MegaPhase was displaying their various cable lines including the “Killer Bee” KB Series test cables to 32 GHz (love the name and the cable colors). They are designed for a wide variety of lab, production and thermal testing applications that need phase, amplitude and temperature stability. Propagation velocity is 86.5%, time delay 1.17 ns/ft and shielding effectiveness of -110 dB with dynamic bending radius of 1.5 in. They come in a variety of connectors.
Mician was showing off their µWave Wizard horn antenna synthesis and radiation software tool and Time Domain Analysis. The µWave Wizard horn antenna synthesis tool has closed forms for setup of horn geometry and the synthesized profiles are computed by µWave Wizard BOR horn antenna elements and can be optimized for typical antenna performance parameters.
Mini-Circuits offers one of the broadest arrays of components and assemblies for the SATCOM market with amplifiers, attenuators, bias-tees/diplexers, cables, couplers, equalizers, filters, mixers, limiters, splitters/combiners, switches, synthesizers, transformers, VCOs, custom modules/assemblies and test equipment. They also showed their line of space qualified products that include many types of components packaged in their LTCC group of products to 20 GHz.
TECOM was showing off their KaStream 5000 Ka-Band tail mount SATCOM antenna system. It transmits in the 29 to 31 GHz band, receives in the 19.2 to 21.2 GHz band, has switchable polarization, has a G/T of 10.4 dB/K min, EIRP of 46.5 dBw linear/ 49 dB PSAT and tracking accuracy of <0.2 degrees weighing 13 lbs. It also has interchangeable Ku- and Ka-Band antennas and multi-modem capability.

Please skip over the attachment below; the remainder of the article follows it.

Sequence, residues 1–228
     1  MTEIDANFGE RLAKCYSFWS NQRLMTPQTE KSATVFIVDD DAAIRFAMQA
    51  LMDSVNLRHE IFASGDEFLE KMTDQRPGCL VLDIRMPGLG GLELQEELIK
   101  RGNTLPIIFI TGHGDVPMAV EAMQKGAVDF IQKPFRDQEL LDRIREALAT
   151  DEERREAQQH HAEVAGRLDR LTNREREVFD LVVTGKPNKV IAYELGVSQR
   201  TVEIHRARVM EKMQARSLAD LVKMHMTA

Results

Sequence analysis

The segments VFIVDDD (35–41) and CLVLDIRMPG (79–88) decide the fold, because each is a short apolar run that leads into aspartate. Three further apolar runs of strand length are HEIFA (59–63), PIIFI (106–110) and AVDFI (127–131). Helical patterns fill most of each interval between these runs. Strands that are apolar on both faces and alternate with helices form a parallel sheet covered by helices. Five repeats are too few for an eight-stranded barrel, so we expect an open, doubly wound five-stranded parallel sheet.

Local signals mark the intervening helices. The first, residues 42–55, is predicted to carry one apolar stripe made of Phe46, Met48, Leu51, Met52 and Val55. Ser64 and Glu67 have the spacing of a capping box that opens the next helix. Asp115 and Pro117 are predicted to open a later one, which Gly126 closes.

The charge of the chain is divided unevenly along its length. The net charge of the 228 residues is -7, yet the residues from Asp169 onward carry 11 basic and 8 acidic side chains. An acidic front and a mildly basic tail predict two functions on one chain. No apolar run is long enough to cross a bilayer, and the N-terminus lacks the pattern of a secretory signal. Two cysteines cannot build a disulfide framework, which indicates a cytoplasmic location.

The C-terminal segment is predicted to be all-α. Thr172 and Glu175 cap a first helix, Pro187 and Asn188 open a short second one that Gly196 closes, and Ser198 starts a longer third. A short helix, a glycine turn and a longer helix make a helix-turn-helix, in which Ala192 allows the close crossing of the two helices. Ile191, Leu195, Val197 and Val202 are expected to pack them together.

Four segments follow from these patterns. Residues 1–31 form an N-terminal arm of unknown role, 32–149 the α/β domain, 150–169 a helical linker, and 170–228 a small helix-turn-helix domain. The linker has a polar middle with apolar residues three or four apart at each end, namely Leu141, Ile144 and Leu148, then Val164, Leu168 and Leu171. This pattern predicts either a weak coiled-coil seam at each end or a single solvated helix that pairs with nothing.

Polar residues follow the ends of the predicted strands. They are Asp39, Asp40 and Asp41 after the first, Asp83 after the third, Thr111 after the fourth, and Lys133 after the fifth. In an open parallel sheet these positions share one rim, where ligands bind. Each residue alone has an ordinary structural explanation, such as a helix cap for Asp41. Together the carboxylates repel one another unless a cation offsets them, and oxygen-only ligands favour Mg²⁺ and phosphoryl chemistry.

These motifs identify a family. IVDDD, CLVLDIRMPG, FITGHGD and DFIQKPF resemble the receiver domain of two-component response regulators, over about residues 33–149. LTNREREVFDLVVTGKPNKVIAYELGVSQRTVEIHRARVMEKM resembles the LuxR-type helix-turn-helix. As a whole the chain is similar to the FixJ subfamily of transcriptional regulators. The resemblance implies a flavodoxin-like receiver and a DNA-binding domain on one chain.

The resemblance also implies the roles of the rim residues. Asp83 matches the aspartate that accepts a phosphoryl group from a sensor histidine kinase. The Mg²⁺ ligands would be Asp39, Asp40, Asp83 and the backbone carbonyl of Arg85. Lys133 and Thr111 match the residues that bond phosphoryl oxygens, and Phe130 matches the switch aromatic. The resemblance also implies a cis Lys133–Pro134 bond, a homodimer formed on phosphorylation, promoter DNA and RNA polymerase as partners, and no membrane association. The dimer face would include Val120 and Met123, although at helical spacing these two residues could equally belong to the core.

Teledyne Microwave Solutions was featuring many of their products including ITAR free Ka-Band BUC and 16 W SSPA. The BUC is designed to operate over a single or dual output frequency range with an output power of 10 dBm and frequency input range of 1 to 2 GHz. The SSPA is designed to meet the extended Ka-Band SATCOM bands and is suited for low SWaP applications. It has 7.5 W of linear power over the full 2 GHz bandwidth. Teledyne has various other products in this frequency range and many other and are celebrating their 50th year anniversary.
TriQuint announced at the show that its Spatium™ technology achieved 130 W of Ka-Band power. Spatium combines multiple GaN MMICs with low loss enabling cost effective and reliable solid state broadband power amplification. The new device has an average saturated power of more than 130 W over the entire 27-31 GHz band with linear output power of 60 W with more than 15% efficiency, operating at only 20 V. Spatium offers ease of integration, a small form factor and parallel redundancy as an alternative TWTAs.
Wireless Telecom Group’s Boonton 55 Series wideband USB power sensor with rise times as low as 5 ns and time resolution down to 100 ps has opened up many new applications that previous power sensors could not do. Boonton was demonstrating a new real-time USB peak power sensor with CCDF that can capture every pulse to assure signal integrity and see signal compression. The CCDF enable measurement of LNA or PA compression mapping it to system performance such as BER. Another demo they were showing was the effect of broadband additive white Gaussian noise on digital broadcast signals using the Noisecom UFX7000A series. It shows how the picture quality degrades as the noise level is increased to see much your system can handle. See both demonstrations in our video demo we took at the show.